Rethinking (and Re-doing) Financial Consolidation and Reporting - InformationWeek

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Rethinking (and Re-doing) Financial Consolidation and Reporting

New regulations change the economics for financial systems.

VentanaView™

Summary

Consolidation and reporting software is an "old" theme in information technology, but only in the sense that it is has not been a recent headline topic. However, Ventana Research expects this to become more of an issue for finance organizations because Sarbanes-Oxley (SOX) is likely to have a noticeable impact on the cost of running the finance organization. Moreover, companies face accelerated filing requirements by the SEC, which will force many companies to rethink their closing and reporting processes.

The need to meet Sarbanes-Oxley section 404 requirements has preoccupied finance staffs for the past 18 months. We expect that, once their initial compliance work is completed, many will focus on improving their compliance efficiency. We estimate one-half to two-thirds of US public companies will need to address compliance efficiency issues through process changes that reduce control risks and sources of errors, and that simplify execution. For some, this will require changes in how they use their existing consolidation and reporting software, and/or changes to the software itself. Ventana Research recommends that corporate controllers take the lead in establishing an assessment effort. This project's aim will be to identify process change opportunities that cut the cost of compliance and finance operations, and to identify IT requirements necessary to implement or support process change.

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Consolidation and reporting have been in the IT background for many years as most companies deployed systems. Looking out into 2005, Ventana Research expects many companies will re-examine their consolidation and reporting IT systems because of regulatory changes.

Section 404 of the Sarbanes-Oxley Act has transformed what were once informal control processes into formal ones. The overarching aim of this section of the Act is to place greater emphasis on preventative measures to avert fraud instead of relying mainly on audit after the fact. For many public companies, the immediate impact of this change to formal systems will be to increase the cost of managing their finance organizations. This increase, along with the severe consequences for control failure, has transformed the cost/benefit relationship for many elements of finance operations and the IT systems that support them. Finance organizations in public companies have been preoccupied with the need to meet Sarbanes-Oxley section 404 requirements in time for their initial audit under the law. Once this is accomplished, based on our recent research study on Audit and Control issues, we expect one-half to two-thirds of them will need to address compliance efficiency issues. In our judgment, most public companies can benefit from process changes that reduce control risks and sources of errors, and that simplify execution. For some, this will require changes in how they use their existing consolidation and reporting software and/or changes to the software itself. Based on our recent study, we think companies see automating manual systems and eliminating spreadsheets from processes as one of the most productive approaches. For many firms, this will require changes to the closing and consolidation processes and how they use their reporting systems.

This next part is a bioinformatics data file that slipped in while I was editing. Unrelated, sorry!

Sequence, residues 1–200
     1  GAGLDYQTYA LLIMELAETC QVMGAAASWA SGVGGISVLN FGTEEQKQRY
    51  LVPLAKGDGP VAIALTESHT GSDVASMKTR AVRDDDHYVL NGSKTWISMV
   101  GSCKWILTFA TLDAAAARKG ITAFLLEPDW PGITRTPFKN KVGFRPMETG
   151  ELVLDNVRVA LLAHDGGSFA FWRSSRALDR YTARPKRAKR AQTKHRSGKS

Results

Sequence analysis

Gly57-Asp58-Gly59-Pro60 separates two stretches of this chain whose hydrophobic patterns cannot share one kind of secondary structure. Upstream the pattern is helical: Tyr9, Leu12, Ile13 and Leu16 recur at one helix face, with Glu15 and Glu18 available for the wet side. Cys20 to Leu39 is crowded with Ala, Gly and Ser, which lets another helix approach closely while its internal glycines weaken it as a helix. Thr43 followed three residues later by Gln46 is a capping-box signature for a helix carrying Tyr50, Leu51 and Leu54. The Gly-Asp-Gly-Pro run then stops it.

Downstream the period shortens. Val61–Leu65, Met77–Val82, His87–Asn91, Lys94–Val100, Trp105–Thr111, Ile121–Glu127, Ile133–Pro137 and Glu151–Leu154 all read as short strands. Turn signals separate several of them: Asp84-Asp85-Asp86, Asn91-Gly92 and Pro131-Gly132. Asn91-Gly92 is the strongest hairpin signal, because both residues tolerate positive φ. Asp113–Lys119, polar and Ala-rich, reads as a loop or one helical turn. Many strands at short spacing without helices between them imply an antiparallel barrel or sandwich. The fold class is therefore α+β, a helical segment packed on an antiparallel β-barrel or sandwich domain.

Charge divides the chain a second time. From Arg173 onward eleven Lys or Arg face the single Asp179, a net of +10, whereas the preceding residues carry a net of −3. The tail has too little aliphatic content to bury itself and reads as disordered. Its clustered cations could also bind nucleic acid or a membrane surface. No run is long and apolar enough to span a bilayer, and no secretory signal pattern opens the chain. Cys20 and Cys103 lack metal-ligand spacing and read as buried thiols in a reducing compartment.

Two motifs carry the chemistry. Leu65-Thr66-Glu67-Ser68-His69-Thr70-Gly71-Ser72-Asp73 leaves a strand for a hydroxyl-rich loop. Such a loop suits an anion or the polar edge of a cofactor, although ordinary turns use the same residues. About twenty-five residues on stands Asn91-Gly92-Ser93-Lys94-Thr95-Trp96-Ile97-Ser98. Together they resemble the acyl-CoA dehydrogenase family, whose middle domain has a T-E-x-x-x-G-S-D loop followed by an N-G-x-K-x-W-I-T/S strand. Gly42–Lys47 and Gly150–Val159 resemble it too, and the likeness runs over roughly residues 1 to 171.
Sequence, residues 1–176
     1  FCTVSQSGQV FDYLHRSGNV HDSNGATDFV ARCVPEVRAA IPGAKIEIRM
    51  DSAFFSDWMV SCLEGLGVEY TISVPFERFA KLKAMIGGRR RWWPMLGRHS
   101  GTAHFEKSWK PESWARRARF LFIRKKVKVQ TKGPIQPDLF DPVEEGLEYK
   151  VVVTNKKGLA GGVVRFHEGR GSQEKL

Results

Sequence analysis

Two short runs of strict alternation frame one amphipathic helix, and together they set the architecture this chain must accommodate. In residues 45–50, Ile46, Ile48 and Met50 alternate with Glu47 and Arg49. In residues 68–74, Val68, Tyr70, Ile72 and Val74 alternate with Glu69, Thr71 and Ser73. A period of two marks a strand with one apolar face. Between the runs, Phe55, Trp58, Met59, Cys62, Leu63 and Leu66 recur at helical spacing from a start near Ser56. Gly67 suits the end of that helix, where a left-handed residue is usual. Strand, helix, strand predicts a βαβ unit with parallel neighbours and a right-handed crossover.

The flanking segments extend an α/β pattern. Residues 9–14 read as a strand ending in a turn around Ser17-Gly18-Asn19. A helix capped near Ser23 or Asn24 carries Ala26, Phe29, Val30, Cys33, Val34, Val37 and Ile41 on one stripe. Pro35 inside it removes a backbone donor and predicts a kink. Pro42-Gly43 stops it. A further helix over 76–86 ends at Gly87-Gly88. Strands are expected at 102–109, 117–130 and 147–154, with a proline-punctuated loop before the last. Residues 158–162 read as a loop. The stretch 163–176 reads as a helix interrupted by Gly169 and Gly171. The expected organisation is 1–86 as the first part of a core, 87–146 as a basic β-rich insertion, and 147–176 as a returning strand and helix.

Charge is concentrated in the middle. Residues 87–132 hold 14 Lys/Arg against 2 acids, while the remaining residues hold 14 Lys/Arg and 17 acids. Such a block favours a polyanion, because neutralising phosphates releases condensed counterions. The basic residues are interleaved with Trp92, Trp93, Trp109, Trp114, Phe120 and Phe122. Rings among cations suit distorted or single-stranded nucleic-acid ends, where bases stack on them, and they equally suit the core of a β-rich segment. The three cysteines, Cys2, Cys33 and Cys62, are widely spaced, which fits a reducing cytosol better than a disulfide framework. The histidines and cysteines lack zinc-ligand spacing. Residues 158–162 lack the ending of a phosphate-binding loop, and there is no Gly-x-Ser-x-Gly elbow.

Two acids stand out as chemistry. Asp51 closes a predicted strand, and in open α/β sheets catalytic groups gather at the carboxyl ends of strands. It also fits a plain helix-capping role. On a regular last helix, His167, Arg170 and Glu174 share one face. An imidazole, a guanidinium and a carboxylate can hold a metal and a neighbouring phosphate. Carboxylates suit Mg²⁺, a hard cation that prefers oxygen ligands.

Moreover, companies are facing accelerated quarterly and annual report filing requirements by the SEC. Although the deadline was recently extended by a year to allow companies to focus on section 404 issues, complying with these deadlines will force many, if not most, companies to take a fresh look at how they execute their closing and reporting cycles to shorten the process. Cutting the time spent involves a combination of process, management, and IT system changes.

If closing the books as fast as possible were the only goal, companies would, for example, adopt a single chart of accounts (COA), have a single instance of their accounting system, and restructure their corporation to minimize legal entities. For virtually all companies with 1,000 or more employees, these actions are either infeasible or impractical, yet all are likely to benefit from rationalizing all three areas to conform to the economics and requirements of the new regulatory environment.

Assessment

Ventana Research recommends that corporate controllers take the lead in establishing a process and systems assessment effort. This project's aim will be to identify process change opportunities that cut the cost of compliance and finance operations and to identify IT requirements necessary to implement or support process change. We think the payoff from increased compliance efficiency can be substantial. Our study found that, on average, public companies expect ongoing Sarbanes-Oxley compliance will occupy about 10% of their finance organization's time. Reducing that number would have meaningful impact on any company's bottom line. Rationalizing reporting systems is likely to have an additional significant benefit by getting management reports to executives and the field faster.

Robert Kugel is CFA, VP & Research Director - Financial Performance Management at Ventana Research (www.ventanaresearch.com), a research and advisory services firm.

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